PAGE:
The Obama Gap

Nov. 4, 2008 — I’m hanging out in an enormous public room at Chestnut Hill College in Philadelphia. A large screen TV has one election coverage team chattering and there is an even larger screen on which is projected another channel’s chatterers. We flip from channel to channel (Fox News eliciting boos and laughs), while the screens flip between the talking heads and brightly colored maps of the U.S.A. The states are slowly filling, red and blue and more blue.

Dozens of students, black and white and Latino and Asian, lounge on couches or chat with friends. They type on laptops and click and text. Many have one ear bud from an iPod in one ear; the other ear is “open” for the outside world. This is their multi-media, multi-racial environment, constant lights and noises, constant interaction among various groups, as familiar to them as various waters to fish. At 11 p.m. EST, one of the talking heads sonorously announces Barack Obama has won the election. The room erupts in gentle and heartfelt whoops and hollers. There is a subtle euphoria in the air, but one notes also the overriding coolness that hallmarks this generation. They give their hearts, but gingerly and gently. To be honest, there was a lot more noise and wild celebration when the Phillies won the World Series the week before than when Obama gained the White House.

Nov. 5, 2008 — I am standing in front of my anthropology class. At the end of the 75 minutes, we take some time to reflect on the previous day’s election. Students are mostly quietly elated and excited about Obama; a smattering grudgingly let go of their McCain-Palin connection. All agree McCain’s concession speech was admirable, even honorable. Obama’s election fills many with hope. Hope for a better economy. Hope for an end to the insanity in Iraq. Hope for an America of which we can be justly proud: not an empire that lies and tortures, but a nation united in making the world a place of peace and opportunity and freedom and justice for all.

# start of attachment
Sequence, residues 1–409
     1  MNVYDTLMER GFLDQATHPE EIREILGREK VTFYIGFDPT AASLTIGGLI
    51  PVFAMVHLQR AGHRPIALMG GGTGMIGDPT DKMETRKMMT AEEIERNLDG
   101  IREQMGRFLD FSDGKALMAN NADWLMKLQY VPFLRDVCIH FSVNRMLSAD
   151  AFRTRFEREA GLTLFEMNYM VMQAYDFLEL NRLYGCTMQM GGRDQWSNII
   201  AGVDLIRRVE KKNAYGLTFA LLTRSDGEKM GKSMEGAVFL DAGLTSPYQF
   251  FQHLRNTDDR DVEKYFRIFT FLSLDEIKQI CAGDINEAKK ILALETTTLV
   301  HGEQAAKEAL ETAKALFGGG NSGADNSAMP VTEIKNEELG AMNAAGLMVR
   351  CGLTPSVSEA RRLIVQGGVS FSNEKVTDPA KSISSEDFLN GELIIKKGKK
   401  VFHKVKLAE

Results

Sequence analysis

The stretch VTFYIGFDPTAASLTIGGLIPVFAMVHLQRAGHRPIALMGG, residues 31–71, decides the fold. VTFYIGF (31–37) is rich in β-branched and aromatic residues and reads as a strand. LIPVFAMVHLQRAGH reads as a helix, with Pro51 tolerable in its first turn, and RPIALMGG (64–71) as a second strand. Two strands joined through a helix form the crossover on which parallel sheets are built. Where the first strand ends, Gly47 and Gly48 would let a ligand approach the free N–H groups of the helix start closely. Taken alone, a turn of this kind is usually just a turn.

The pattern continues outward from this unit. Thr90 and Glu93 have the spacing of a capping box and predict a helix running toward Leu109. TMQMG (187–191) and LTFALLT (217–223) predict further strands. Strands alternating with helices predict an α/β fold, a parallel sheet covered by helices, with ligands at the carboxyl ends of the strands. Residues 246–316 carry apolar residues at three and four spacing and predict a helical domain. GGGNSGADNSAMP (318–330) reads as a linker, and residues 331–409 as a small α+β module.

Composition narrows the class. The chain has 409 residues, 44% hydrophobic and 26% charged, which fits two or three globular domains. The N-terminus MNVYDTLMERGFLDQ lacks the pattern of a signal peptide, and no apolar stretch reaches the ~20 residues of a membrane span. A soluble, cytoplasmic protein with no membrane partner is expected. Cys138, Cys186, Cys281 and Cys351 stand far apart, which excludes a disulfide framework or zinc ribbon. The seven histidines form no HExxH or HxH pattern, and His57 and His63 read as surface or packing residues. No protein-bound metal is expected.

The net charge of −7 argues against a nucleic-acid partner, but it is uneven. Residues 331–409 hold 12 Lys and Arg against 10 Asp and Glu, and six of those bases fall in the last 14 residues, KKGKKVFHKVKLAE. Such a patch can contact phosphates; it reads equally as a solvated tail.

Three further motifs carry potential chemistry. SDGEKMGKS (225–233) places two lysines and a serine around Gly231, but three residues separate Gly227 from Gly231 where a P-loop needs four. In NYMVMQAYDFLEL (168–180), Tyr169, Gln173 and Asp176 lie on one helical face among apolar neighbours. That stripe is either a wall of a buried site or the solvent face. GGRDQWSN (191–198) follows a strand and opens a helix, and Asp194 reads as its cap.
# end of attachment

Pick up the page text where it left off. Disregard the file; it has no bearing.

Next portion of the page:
But I think: Do they really get it? Do these young adults, born in 1988 or 1990, really appreciate the magnitude of this event? I tell them: “I was born in 1955, three months before Rosa Parks refused to give up her seat. There’s no connection between the two events, except in my own mind. Just realize I was born into a country where segregation was legal, accepted and largely unquestioned. Those who began to challenge apartheid in the U.S.A. faced danger and death.” The kids look at me, curious and interested, but such a world is as foreign to them as descriptions of the Great Depression were to me when I was their age. “John Lewis wasn’t even recognized when he came on the screen last night,” I continue. “Who’s John Lewis?”

“I was born into a country where segregation was legal, accepted and largely unquestioned. Those who began to challenge apartheid in the U.S.A. faced danger and death.” The kids look at me, curious and interested, but such a world is as foreign to them as descriptions of the Great Depression were to me when I was their age.